Monday, March 26, 2012

Book Review: Earth Mother's Grace by Anthony Baus

Earth Mother's Grace by Anthony Baus is a swords and sorcery fantasy featuring a demon and a shaman who fall in love, and their fight against an evil god.

Update: The author has since removed their book and is rewriting it, so look for a new and improved version sometime... sometime!

It's definitely a bit choppy at the start, and is entirely swords & sorcery fantasy, so it won't be for everyone. But by the time I was half way through, I was happily getting into the story and had upgraded it from 'does the job' to 'I'd recommend this to someone that I thought would like this sort of book'. So, if you're looking for a reasonably solid, fun fantasy read with magic and fighting, gods and heroes, good and evil, then I do recommend it. The strong lesbian main characters are a bonus, and the main story is worth sticking around for.

Hassaket is an escaped demon-succubus-winged being type, known as a Herald, who has escaped from a terrible God, Lord Irikiti, who revels in suffering and death. She's decided to raise rebellion against him, and first assists, and then enlists the aid of, the shaman, Fire Shrike. Together they devastate the encroaching army that is menacing Fire Shrike's nomadic tribe, but Hassaket is rejected by the Skiras and the two of them set off into an enslaved province, bringing back the previous God and overthrowing the priesthood, before attempting to free other cities and the Skiras people. Naturally, Lord Irikiti objects to this.

 This is a fun book, full of magic and some pretty good fight scenes, with two strong, powerful, and very much in love, female leads. There are plenty of male characters throughout the book, and they range from noble to monstrous to ... well, human, so it doesn't come across as deliberately over the top women's rights; it just read as an book that happened to have female leads. Who are also in love. And that is pretty awesome.

Sunday, March 25, 2012

Book Review: Earth Logic by Laurie J Marks

Earth Logic is the second book in the Elemental Logic series by Laurie J. Marks. A fantasy set in a peaceful country coping with an influx of invaders, it follows the main family of characters from the first book,  Fire Logic [reviewed here]. It's not quite as good as the first book, having too much telling, not enough showing, and stretching suspension of disbelief a bit too far for the sake of otherwise pointless events. It does introduce a strong new lesbian character and progress the story, bringing the war to the point of conclusion and positioning Karis to fully assume the role of G'deon.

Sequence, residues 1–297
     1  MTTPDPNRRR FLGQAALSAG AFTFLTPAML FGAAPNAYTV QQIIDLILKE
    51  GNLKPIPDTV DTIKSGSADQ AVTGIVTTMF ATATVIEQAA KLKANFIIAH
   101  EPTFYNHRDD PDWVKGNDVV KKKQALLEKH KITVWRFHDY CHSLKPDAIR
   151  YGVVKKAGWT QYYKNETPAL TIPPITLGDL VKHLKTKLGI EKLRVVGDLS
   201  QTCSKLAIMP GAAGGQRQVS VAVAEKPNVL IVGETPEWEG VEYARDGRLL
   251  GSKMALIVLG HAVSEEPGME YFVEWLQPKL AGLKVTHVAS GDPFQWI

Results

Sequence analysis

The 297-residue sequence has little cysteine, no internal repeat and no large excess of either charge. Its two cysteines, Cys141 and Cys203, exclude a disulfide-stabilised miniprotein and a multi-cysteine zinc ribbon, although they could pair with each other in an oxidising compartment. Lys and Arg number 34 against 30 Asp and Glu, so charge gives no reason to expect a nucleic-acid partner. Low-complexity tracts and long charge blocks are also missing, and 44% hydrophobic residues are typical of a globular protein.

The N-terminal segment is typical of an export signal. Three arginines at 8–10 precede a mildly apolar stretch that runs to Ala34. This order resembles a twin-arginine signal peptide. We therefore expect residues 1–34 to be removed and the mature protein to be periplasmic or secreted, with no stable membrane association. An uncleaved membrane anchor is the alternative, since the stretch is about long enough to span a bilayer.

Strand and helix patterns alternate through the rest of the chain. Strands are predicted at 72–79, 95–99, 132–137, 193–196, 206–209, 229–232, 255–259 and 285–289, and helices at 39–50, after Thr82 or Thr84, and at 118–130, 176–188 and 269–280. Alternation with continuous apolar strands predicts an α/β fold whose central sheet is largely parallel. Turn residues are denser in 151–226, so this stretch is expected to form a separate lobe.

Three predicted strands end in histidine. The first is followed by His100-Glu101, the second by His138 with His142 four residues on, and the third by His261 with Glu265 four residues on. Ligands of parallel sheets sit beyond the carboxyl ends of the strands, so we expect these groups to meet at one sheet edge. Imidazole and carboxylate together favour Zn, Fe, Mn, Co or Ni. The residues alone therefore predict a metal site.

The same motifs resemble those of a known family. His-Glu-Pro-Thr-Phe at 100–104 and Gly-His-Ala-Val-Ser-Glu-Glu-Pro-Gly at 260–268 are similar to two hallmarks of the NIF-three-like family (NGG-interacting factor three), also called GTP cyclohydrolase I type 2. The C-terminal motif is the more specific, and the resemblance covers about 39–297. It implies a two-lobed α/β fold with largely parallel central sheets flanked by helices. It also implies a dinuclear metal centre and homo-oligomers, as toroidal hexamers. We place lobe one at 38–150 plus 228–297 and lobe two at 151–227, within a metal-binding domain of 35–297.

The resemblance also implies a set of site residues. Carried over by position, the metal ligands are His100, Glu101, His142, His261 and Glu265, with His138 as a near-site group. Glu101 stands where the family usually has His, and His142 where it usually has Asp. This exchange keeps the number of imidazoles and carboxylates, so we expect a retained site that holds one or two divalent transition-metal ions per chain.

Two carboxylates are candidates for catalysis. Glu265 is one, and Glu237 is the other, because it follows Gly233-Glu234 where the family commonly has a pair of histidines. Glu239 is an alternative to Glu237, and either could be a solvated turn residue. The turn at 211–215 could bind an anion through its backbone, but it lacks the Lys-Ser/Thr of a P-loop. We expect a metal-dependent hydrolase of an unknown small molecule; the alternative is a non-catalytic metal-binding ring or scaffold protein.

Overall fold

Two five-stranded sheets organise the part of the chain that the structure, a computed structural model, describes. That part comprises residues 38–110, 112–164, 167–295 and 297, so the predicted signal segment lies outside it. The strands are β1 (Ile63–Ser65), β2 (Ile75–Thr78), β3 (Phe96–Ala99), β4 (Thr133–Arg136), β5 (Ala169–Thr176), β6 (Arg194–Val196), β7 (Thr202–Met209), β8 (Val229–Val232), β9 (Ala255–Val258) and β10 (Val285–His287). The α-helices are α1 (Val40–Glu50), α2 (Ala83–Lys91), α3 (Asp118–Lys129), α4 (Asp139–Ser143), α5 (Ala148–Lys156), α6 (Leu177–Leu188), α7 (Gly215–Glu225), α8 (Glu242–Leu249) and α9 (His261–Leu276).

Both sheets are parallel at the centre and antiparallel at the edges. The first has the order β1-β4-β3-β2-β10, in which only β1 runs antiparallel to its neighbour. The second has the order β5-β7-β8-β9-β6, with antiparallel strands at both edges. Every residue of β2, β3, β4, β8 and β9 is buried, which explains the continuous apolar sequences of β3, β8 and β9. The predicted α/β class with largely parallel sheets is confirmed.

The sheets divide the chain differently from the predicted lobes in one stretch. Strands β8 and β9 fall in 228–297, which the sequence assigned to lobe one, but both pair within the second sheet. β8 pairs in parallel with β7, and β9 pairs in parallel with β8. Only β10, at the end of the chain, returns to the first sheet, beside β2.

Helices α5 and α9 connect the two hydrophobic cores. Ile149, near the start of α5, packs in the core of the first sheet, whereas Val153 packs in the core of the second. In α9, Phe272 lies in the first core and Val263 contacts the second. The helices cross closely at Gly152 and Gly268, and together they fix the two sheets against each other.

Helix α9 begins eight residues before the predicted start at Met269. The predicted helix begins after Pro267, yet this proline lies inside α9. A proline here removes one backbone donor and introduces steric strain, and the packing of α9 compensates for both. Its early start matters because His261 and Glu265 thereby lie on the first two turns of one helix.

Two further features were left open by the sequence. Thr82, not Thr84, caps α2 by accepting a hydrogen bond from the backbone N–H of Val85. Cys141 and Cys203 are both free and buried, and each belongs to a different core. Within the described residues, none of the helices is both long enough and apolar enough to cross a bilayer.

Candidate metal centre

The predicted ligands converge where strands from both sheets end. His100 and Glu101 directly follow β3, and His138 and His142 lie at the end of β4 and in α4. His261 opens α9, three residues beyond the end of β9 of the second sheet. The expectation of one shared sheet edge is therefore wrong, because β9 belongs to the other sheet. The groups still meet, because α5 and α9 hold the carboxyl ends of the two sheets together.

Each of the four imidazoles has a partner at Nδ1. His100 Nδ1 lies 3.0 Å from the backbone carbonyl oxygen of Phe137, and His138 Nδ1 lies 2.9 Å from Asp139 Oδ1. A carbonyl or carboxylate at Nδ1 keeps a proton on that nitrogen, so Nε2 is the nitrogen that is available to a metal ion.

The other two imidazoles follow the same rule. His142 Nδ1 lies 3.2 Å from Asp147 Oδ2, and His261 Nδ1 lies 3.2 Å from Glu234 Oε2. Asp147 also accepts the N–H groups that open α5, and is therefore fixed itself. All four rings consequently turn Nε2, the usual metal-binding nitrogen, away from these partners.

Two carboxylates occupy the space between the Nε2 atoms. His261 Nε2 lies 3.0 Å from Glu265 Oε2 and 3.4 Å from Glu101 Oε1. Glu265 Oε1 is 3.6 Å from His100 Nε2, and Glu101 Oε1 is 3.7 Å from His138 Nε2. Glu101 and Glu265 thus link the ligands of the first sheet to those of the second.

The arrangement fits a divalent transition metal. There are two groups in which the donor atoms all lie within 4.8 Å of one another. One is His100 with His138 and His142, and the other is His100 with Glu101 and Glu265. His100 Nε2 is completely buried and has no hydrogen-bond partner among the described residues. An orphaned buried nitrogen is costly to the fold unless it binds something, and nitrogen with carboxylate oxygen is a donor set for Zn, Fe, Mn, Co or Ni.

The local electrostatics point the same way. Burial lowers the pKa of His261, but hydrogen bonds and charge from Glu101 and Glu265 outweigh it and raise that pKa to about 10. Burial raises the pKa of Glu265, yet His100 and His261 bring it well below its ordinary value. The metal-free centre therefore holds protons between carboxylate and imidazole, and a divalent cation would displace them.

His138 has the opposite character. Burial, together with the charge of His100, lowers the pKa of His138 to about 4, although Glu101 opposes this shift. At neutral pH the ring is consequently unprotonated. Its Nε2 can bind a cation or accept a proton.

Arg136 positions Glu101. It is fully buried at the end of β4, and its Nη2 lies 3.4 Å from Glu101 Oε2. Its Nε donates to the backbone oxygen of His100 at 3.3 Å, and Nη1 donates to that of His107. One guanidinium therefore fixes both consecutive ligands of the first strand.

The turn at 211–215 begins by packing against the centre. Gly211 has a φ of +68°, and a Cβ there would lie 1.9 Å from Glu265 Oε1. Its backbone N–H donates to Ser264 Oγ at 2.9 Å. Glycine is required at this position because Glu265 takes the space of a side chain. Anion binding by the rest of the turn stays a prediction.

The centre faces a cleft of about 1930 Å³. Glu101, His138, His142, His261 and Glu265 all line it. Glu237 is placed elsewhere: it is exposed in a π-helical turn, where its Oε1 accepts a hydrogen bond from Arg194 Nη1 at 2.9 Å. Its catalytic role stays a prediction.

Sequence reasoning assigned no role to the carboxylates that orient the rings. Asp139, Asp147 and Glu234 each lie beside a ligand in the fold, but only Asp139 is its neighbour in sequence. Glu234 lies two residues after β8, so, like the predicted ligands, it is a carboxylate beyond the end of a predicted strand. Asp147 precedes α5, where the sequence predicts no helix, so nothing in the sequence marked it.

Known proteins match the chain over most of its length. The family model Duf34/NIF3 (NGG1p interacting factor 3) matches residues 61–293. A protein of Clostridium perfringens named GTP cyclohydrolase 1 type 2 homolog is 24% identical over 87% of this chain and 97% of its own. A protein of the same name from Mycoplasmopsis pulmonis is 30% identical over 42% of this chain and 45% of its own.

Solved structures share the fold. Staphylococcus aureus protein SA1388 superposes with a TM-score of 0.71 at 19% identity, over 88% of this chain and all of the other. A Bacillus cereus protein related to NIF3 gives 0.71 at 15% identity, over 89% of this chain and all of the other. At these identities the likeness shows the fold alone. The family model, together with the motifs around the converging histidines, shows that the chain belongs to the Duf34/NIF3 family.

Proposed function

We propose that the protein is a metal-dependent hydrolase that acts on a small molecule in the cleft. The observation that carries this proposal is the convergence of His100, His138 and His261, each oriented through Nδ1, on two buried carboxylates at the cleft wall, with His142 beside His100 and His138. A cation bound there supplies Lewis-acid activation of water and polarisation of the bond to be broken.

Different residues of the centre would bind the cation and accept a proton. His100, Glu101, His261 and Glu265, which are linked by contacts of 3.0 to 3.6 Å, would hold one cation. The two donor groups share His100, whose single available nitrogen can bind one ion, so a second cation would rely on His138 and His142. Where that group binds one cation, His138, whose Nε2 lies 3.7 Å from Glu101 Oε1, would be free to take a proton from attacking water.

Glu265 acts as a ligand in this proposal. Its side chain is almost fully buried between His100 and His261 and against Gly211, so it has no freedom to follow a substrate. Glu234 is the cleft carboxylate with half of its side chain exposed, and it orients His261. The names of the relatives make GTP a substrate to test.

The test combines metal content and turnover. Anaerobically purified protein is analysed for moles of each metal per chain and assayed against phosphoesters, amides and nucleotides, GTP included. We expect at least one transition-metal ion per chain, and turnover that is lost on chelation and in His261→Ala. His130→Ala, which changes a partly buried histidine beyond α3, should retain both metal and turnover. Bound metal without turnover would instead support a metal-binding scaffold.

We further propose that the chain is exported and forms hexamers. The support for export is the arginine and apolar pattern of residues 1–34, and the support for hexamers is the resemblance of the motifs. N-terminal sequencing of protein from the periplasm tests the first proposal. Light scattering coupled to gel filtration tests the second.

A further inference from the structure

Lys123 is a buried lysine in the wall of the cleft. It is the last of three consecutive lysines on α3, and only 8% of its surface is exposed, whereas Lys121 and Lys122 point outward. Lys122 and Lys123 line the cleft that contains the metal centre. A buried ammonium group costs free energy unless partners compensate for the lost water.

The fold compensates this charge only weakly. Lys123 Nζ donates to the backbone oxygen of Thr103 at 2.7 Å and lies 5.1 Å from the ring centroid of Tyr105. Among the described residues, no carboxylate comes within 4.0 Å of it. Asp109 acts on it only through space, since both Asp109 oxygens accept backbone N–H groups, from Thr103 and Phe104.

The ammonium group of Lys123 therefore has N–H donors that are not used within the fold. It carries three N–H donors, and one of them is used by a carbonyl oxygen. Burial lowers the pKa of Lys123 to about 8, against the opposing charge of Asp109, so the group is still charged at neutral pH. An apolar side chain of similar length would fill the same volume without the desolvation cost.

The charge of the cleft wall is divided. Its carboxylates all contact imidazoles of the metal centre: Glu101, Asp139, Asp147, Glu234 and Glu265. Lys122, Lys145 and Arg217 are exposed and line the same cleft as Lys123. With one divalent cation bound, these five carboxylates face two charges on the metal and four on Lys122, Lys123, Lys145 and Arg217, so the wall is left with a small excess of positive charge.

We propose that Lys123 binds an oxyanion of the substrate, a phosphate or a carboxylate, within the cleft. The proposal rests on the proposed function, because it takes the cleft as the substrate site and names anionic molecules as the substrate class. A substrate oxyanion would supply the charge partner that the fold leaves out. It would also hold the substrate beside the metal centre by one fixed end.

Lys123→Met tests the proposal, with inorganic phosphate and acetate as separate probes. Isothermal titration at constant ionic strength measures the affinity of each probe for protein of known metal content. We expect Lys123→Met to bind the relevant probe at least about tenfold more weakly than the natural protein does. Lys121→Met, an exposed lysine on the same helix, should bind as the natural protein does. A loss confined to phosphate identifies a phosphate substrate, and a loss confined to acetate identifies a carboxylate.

You can read an overview of the societies, characters, sexual mores and magic here: The Elemental Logic Series by Laurie J. Marks. I recommend at least skimming it, as there's a lot that would take too long to repeat in each review.

The three couples from Fire Logic are happily set up as their own little farm family at the start of the book, five years on from the previous events. Norina's baby is a hyperactive and misbehaving child, running her fathers and mothers ragged. Karis is still lying low, waiting for the right time to act, leaving her and Zanja locked in an agonising holding pattern. Emil and Medric are the same as ever, lost in a world of books.

Friday, March 23, 2012

24th Annual Lambda Literary Awards 2011

24th Annual Lambda Literary Awards
Finalists - winners to be updated later

The Lambda Awards by year:

1988 | 1989 | 1990 | 1991 | 1992 |1993 | 1994 | 1995 | 1996 | 1997 | 1998 | 1999 | 2000 | 2001 | 2002 | 2003 | 2004 | 2005 | 2006 | 2007 | 2008 | 2009 | 2010

2011 Award Categories
Overview of the categories by year
Note: This is the first year that the contest is open to all authors of any orientation. 
  • Lesbian
    • Debut Fiction, Erotica, General Fiction, Memoir/Biography, Mystery, Poetry, Romance
  • Bisexual
    • Fiction, Non-fiction
  • General LGBT
    • Anthology, Children's/ Young Adult, Drama, Non-fiction, Science fiction/ Fantasy/ Horror, LGBT Studies
  • Gay Men's